The number of synchronization bugs and mishandled edge cases resulting from this was frightening. Another tricky spot was the loading screen. Most of the time, our engine uses a dedicated thread to manipulate the Direct3D device object, but the bitmaps that needed to become texture objects were being loaded by a different thread. The device had to be switched over to the loading thread and the load screen rendering had to be interleaved with the actual loads, then the device returned to the render thread. At other places in the engine, we needed to be able to show the progress screen but were not able to tick it "by hand" during a lengthy process, so the load screen class also had to be able to update and render itself without being ticked by another object.

Sometimes the requirements for certification diverged from the functionality provided by the system libraries. The mute feature, for example, must enforce muting in both directions -- when a player mutes another, neither the muter nor the mutee may hear the other. The catch is that the list of muted players is only available for local players; it is not automatically propagated. The mutee doesn't know he has been muted until the game implements a method of notifying him.

Once this was done, a bug was found (in our game code) by which a user could force another user to un-mute him by using his own mute button. The was so late in the project that rather than redesign the mute system additions, a "countermand" message was created so that different consoles could order each other to re-mute players when necessary, wasting network traffic and complicating the related code. And it’s still not perfect -- while it passed cert, we've heard several reports of players being unable to communicate when appropriate.

Flaws in the team. The personnel we assembled for this project had all been Mac and Windows developers for years, but among them there was little porting experience, even less experience with console development, and for most of us this was the largest single team we had ever been a part of. Some of the items listed in this postmortem may seem obvious or mundane to more experienced readers -- well, it was new to us at the time. We were expanding our own envelopes. In theory, the presence of console veterans "on call” elsewhere in the company and our partner studios would keep everyone on track.

For technical aspects of the project, this largely happened. Problems we encountered when trying to design for stability or puzzle out a particular quirk of the 360 never held us up for long. Process and design were another story. Communication between team members was infrequent, the master design document was never fully fleshed out, and many functional areas of the game were laid out by individuals working in a virtual vacuum.

The audio system was the work of a single coder, as was network session management, the menu interface, and user profile data. As these largely complete units began to be integrated, poor communication led to duplication of effort and an inability to keep up with changing spheres of responsibility. Many hours were lost when it was discovered that two programmers had been working on the same code -- optimizing the Shapes loader cost nearly an entire extra man-day for this reason.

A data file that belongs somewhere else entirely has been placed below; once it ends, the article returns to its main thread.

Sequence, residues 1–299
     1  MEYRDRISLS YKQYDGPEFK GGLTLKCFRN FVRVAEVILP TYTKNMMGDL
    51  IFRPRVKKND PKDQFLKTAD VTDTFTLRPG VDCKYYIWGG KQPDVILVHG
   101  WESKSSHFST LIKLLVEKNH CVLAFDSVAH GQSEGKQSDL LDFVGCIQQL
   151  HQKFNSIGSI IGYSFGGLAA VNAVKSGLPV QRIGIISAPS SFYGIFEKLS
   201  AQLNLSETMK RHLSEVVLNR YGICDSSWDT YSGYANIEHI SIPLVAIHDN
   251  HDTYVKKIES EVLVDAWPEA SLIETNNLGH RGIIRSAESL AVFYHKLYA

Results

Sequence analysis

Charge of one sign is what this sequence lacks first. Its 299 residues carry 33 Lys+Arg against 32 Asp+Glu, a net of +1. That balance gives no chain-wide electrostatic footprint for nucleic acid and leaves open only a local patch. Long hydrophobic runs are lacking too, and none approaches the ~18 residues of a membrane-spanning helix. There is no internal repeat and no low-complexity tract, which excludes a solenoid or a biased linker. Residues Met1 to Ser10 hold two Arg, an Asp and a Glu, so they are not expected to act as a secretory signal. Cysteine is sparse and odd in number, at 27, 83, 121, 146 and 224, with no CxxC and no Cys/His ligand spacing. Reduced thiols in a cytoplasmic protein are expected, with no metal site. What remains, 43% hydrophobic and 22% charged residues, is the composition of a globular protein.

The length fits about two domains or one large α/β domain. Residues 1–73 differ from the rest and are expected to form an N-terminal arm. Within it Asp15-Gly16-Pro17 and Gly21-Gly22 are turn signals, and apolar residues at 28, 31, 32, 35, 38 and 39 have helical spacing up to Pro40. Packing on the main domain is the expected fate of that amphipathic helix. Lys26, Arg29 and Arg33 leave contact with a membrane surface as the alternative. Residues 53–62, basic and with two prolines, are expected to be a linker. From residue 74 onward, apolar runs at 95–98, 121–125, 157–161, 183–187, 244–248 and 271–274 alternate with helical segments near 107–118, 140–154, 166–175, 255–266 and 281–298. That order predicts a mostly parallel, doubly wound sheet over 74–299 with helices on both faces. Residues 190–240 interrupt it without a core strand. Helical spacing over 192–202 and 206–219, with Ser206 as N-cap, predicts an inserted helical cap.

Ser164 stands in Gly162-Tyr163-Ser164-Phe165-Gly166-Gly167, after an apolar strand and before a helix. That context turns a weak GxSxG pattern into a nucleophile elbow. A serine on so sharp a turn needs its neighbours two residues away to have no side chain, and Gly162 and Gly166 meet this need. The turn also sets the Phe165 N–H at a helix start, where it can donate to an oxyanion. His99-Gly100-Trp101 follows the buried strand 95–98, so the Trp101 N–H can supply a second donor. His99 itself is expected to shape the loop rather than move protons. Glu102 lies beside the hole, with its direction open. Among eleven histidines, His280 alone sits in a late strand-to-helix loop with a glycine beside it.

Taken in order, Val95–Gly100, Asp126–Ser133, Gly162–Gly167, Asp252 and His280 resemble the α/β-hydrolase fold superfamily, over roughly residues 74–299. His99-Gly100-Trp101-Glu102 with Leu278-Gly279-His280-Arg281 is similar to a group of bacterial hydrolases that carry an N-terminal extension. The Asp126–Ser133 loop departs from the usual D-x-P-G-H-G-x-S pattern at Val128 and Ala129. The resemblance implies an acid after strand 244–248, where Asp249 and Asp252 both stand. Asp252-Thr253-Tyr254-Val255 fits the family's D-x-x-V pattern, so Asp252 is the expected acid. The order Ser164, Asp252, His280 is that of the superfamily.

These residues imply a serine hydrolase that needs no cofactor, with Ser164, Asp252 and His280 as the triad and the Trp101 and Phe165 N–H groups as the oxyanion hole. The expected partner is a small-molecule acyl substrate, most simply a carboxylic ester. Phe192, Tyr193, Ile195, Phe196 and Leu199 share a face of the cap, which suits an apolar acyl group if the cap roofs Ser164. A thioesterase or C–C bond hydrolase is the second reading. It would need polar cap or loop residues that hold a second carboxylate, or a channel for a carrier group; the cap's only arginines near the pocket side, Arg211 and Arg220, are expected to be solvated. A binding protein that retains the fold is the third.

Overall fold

Another problem caused by this deficiency was that due to different coding styles and lack of a comprehensive design, many areas of the code could only be efficiently debugged by the person who had created them. The audio system in particular involved multiple threads and extensive use of the Xbox 360’s audio library, which no one except the coder directly responsible for it was sufficiently familiar with.

As a result, it continued to produce bug reports caused by subtle race conditions throughout practically the entire project -- reports which most of the team couldn’t address. Even when singular code like this wasn’t producing bugs, it was causing coders to run into trouble and waste time wrestling with largely undocumented APIs and quirks when their work brought them into contact with another functional area.

Drop-in libraries are not a magic spell. For our network code, we hired an experienced programmer who provided us with his pre-existing network library. We expected that adding it to the project would take minimal effort. Unfortunately, this was not the case. Despite being a very flexible and powerful system, it had still been built with certain expectations in mind and made assumptions about the code it would interact with. It relied on constructors and destructors to perform much of its work, while our game used statically allocated arrays of objects to build the game world. The first time we attempted to invoke the network code while running the game, it simply exploded. Determining why this happened took several days, since the flaw was in such a fundamental area.

The eventual solution was to establish a system of proxy objects whose creation and deletion followed the rules the network library expected, and which manipulated the static arrays to control entities in the world. This was far from an ideal solution, as innumerable bugs appeared in the synchronization between the two objects, and it removed a major advantage of the static array design -- a completely predictable memory layout.

Overhauling very old code is difficult. Marathon was written in straight C, which does not lend itself to good software engineering (and that’s not even considering the requirements of high-performance 3D graphics in 1994). Most interaction between different functional areas was accomplished by direct manipulation, not accessors. The life cycle of particular parts of the world was quite difficult to puzzle out in many cases. Quite often, the limitations of the original 68K Macintosh platform had been worked into the gameplay in subtle ways.

Multiplayer scoring was a particularly hairy section to overhaul. The original game had used a pure peer-to-peer network architecture that only transmitted raw user input -- usually passable in a LAN environment, unworkable on the internet. Since the game did not differentiate between remote and local players in any meaningful way, scorekeeping was implemented simply by giving each player a table of which opponents they had beaten or fallen to and having each player grant points to the appropriate enemy (through a direct write to his internal table, naturally) when dying.